Kevin Magnussen is on the verge of a return to F1 with Renault - and Jonathan Noble says his comeback would be as good for the sport as it would be for him.
Kevin Magnussen knows a thing or two about Formula 1's school of hard knocks.
Having been told first of all at the end of 2014 that his McLaren seat was safe for the following year, he had to live with the disappointment of finding out at the last minute that Jenson Button had actually got the nod for 2015.
Then, an opportunity to return to action at last year's Australian GP to replace the unwell Fernando Alonso ended before he even made it to the grid.
Despite subsequently knuckling down behind the scenes in his reserve driver role throughout last season, things did not move in the direction he had hoped with senior team management.
A note on his birthday from Ron Dennis finally confirmed his contract was not being renewed, and then he (perhaps unfairly) was publicly criticised by the chairman for not hitting targets.
"He knows himself and there is no question he knew that he did not perform as he should have done," said Dennis during an Abu Dhabi press conference.
Things were not looking good.
Not giving up
Amid all that difficulty – and having seen his hopes of landing a Haas driver dashed when it opted for Romain Grosjean instead – you could have forgiven Magnussen if he had decided to give up on his F1 dream and go off and do something else instead.
Indeed, Motorsport.com sources have confirmed that he did come close to doing so after holding informal talks with Bryan Herta Autosport about racing in IndyCar in 2016.
But now, with Pastor Maldonado's sponsors PDVSA having just hours to resolve a sponsorship payment issue or risk seeing their man dropped, Magnussen stands on the verge of an F1 comeback.
And it is one that many fans would welcome. For it would deliver some poetic justice after the run of bad luck he has had, plus all that has happened may well make him return an even stronger driver.
Despite F1 having been so cruel to him, at the back of Magnussen's mind there always remained this view of unfinished business: and many in the sport who believed that the youngster had not been able to show his true potential so far.
For it was not just the debut podium that Magnussen earned at the 2014 Australian Grand Prix (still McLaren's most recent best result) that has stood him out: because there was no shortage of speed over the remainder of that campaign even if the end results (and especially points) were not as good as his teammate's.
And while there were very good reasons for McLaren to take Button instead for 2015, what was perhaps a trifle unfair was that in doing so it left Magnussen up to now on the brink of F1 exile.
It is a tough situation that Magnussen has found himself in, but the heartbreak, frustrations and the belief he has not shown his ultimate potential in F1 have perhaps helped the Dane secure a place in the spotlight.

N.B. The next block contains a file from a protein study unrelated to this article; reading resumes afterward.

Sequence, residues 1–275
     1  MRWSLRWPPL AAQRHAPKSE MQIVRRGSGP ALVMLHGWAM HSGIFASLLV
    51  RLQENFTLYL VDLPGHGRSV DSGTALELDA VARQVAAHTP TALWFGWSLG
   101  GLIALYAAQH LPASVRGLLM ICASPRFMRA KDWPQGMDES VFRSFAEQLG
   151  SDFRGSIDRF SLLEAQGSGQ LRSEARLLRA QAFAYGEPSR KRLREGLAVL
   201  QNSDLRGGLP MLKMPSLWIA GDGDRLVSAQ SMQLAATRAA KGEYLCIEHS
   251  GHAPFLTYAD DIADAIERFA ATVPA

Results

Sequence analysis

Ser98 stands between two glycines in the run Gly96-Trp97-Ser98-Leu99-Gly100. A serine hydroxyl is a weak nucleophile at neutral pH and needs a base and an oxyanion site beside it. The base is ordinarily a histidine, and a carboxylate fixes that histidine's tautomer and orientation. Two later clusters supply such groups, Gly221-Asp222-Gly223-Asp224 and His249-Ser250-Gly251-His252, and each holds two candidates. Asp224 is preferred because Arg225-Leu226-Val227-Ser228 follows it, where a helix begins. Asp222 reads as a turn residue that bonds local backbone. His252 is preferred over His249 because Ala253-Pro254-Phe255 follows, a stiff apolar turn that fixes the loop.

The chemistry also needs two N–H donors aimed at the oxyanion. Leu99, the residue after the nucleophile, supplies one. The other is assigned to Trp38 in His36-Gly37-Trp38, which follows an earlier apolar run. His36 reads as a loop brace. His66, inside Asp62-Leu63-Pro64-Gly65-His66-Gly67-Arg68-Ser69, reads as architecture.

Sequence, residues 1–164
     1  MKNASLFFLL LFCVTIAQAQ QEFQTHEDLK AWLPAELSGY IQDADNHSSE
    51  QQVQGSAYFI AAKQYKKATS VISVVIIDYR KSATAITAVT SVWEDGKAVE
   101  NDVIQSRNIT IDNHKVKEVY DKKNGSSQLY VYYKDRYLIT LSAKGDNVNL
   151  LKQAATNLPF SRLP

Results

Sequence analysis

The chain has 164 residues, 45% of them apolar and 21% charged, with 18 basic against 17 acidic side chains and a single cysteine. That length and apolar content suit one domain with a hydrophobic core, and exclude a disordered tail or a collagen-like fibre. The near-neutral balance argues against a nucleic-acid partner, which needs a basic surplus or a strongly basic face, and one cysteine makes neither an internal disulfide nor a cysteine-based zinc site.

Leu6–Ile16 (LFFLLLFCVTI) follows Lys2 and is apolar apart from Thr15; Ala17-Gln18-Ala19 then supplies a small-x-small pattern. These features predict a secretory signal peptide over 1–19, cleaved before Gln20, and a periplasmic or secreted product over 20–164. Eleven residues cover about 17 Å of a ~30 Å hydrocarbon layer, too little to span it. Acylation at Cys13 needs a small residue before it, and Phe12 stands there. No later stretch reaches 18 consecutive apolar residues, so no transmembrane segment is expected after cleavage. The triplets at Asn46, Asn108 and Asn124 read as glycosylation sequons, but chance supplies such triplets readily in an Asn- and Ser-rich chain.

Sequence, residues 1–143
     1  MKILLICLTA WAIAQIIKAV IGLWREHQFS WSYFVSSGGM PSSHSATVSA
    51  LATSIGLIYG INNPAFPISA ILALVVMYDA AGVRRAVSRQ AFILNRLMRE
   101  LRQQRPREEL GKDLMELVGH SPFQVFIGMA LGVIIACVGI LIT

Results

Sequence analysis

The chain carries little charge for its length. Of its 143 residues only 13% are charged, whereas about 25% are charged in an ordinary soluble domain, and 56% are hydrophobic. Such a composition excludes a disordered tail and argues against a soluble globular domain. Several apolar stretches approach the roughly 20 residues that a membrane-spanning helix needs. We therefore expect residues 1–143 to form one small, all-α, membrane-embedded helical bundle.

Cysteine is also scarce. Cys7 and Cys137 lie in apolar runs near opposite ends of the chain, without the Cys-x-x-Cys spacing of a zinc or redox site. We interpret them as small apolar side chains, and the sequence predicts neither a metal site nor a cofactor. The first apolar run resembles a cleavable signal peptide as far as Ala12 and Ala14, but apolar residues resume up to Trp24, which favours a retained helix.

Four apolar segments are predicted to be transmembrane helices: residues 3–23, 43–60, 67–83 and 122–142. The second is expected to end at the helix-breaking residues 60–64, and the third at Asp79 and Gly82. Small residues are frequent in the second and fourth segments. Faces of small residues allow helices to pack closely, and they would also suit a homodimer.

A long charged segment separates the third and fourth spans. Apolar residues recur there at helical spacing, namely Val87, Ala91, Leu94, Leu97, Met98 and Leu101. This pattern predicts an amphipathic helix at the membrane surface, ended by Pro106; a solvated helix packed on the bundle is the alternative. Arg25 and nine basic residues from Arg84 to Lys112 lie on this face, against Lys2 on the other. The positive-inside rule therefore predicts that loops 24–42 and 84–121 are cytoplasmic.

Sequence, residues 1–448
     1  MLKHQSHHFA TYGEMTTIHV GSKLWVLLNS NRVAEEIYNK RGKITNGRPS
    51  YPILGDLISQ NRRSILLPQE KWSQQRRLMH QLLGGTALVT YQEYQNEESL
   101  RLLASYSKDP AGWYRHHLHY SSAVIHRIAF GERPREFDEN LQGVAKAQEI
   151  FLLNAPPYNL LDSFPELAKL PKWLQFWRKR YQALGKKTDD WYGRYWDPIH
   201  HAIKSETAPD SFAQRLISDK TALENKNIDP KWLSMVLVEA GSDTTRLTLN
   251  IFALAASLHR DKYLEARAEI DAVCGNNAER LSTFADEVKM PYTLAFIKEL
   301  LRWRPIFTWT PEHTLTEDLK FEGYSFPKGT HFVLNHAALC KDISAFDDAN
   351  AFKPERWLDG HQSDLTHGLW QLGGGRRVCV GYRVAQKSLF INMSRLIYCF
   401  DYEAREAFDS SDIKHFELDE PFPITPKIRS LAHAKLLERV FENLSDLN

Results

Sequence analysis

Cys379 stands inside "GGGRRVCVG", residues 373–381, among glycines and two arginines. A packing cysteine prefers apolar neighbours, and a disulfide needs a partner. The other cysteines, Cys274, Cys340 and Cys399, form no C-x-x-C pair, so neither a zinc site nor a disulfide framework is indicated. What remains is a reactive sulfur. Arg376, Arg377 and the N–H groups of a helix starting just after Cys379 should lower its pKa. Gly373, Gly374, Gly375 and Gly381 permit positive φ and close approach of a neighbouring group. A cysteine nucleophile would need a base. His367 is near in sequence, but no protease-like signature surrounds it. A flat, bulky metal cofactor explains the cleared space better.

We all love an underdog, and it would be something of a good story to see Magnussen bounce back from his disappointments and bashings to resurrect his F1 career.
Renault too would love to take on the story of the man who shot to F1's attention in the final stepping-stone of Formula Renault 3.5 - and did not crack under the pressure of that infamous Paul Ricard technical disqualification in 2013.
As Renault F1 managing director Cyril Abiteboul recognised last year about the value to his company of bringing on youngsters: "We got more return being identified as the one who identified [Fernando] Alonso, than the first one who allowed Lewis Hamilton to get behind the wheel of a single seater [in Formula Renault].
"If you were to question everyone in the paddock, even those who know very well Lewis' career, Fernando is definitely connected to Renault. Lewis has never been connected to Renault.
"So we need to build on that, and that is why I am a big believer in a young driver programme."
Magnussen fits that bill perfectly.
If Magnussen does get the Renault F1 seat - with a final decision due imminently – then he knows it is an opportunity that he must not allow to slip through his fingers.
It is quite rare for F1 drivers to get second chances, so it says much about the faith that Renault management have in his abilities that it is set on him if the Maldonado deal does ultimately collapse.
For F1 too, it is always good to have a new wave of determined youngsters: especially one with the character and determination of Magnussen.
As he told Motorsport.com last year after being dropped by McLaren, there remains only one thing he is focused on.
"My ambitions haven't changed," he said. "I know how to win races, I know how to win championships and I still intend to be Formula 1 world champion. That won't change."
There could well be some exciting times on the horizon then - both for F1 and him - depending on what does or does not arrive from Venezuela this week.